The smartphone market currently features some of the fiercest competition within the tech world with Samsung and Apple being the two largest players who are battling for the top spot. The real question is what made Amazon think they could produce their own smartphone and enter the market to compete with these big names?
We may never know their reasoning, but what we do know is the company’s “Fire Phone” has been officially on the market for 32 days yet reports are indicating no more than 35,000 units have been sold to date. To put this in a better perspective, competitors like Samsung sold 5 million Galaxy S5 devices in May alone whereas Apple sold a whopping 7 million iPhone 5s units during this same 31 day period.
The Amazon Fire Phone does have its benefits and truthfully some of the features impressed me when it was first announced, however there are a few issues with their marketing strategy that turned people away from purchasing the device. First off, the Fire Phone is exclusive to AT&T subscribers which means they have cut their target customer base to only 34% of the market. Sure, this worked when Apple released the original iPhone release although there wasn’t nearly as much competition back then.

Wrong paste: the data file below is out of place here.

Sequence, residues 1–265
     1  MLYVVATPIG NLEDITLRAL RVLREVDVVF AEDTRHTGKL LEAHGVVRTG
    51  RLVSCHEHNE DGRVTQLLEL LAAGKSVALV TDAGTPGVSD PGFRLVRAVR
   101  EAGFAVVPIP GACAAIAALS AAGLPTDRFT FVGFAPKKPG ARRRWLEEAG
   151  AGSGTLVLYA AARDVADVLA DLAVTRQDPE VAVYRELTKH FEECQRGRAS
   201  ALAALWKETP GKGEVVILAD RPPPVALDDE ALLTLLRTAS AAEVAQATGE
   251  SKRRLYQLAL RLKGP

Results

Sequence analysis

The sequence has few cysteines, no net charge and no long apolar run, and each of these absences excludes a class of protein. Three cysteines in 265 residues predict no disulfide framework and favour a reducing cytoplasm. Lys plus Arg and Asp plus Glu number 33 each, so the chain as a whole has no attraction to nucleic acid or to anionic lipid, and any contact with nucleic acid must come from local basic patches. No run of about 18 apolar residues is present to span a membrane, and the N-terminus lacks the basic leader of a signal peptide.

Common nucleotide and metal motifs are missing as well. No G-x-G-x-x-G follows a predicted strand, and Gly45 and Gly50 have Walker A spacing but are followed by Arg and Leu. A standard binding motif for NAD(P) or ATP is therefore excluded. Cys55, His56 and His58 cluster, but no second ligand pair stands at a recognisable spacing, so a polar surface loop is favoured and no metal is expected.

The second big issue is the price as most people don’t want to pay $200 for a new smartphone and then be locked into a 2 year commitment. While I always dish out the full cost of the newest iPhone model, I have many friends and family who would rather get a free upgrade or pay $50 or $100 for one model older since they think they are getting a better deal. With so many competing models that are all virtually capable of the similar features and performance, it is tough to find a reason why as an average consumer you should buy the Amazon Fire Phone at $200 versus a slightly outdated Samsung Galaxy S4 for a small fraction of the price.
In the end, this is surely not good news for Amazon (similar to the HTC First) and the potential for a future line of Fire Phone models. While the phone looks and performs in a comparable manner to its competition, there is not much incentive to buy an Amazon phone especially when both Samsung and Apple have a large cult-like following that will be hard to convert into new customers.
Source: The Guardian